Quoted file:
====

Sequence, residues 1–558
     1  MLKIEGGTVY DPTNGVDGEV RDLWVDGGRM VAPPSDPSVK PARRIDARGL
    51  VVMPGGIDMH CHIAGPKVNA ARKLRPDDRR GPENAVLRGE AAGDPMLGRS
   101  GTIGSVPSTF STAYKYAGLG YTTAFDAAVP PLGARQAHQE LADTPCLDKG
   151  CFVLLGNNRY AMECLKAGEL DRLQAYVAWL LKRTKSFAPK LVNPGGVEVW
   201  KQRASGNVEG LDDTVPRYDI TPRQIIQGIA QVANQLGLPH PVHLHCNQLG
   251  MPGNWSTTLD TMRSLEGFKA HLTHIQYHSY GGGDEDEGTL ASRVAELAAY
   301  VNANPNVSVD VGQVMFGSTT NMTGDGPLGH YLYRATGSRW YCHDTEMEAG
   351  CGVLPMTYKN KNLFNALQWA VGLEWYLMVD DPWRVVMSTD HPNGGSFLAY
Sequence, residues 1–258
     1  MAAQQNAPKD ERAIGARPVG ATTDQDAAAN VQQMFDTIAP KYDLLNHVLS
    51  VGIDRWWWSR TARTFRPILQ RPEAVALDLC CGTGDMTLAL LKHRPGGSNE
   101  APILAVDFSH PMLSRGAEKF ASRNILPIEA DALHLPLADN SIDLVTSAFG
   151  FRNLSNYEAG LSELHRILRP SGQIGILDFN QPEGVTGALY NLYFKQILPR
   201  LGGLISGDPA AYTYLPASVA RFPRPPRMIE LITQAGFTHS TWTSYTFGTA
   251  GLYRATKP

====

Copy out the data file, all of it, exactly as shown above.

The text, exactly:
Sequence, residues 1–558
     1  MLKIEGGTVY DPTNGVDGEV RDLWVDGGRM VAPPSDPSVK PARRIDARGL
    51  VVMPGGIDMH CHIAGPKVNA ARKLRPDDRR GPENAVLRGE AAGDPMLGRS
   101  GTIGSVPSTF STAYKYAGLG YTTAFDAAVP PLGARQAHQE LADTPCLDKG
   151  CFVLLGNNRY AMECLKAGEL DRLQAYVAWL LKRTKSFAPK LVNPGGVEVW
   201  KQRASGNVEG LDDTVPRYDI TPRQIIQGIA QVANQLGLPH PVHLHCNQLG
   251  MPGNWSTTLD TMRSLEGFKA HLTHIQYHSY GGGDEDEGTL ASRVAELAAY
   301  VNANPNVSVD VGQVMFGSTT NMTGDGPLGH YLYRATGSRW YCHDTEMEAG
   351  CGVLPMTYKN KNLFNALQWA VGLEWYLMVD DPWRVVMSTD HPNGGSFLAY
Sequence, residues 1–258
     1  MAAQQNAPKD ERAIGARPVG ATTDQDAAAN VQQMFDTIAP KYDLLNHVLS
    51  VGIDRWWWSR TARTFRPILQ RPEAVALDLC CGTGDMTLAL LKHRPGGSNE
   101  APILAVDFSH PMLSRGAEKF ASRNILPIEA DALHLPLADN SIDLVTSAFG
   151  FRNLSNYEAG LSELHRILRP SGQIGILDFN QPEGVTGALY NLYFKQILPR
   201  LGGLISGDPA AYTYLPASVA RFPRPPRMIE LITQAGFTHS TWTSYTFGTA
   251  GLYRATKP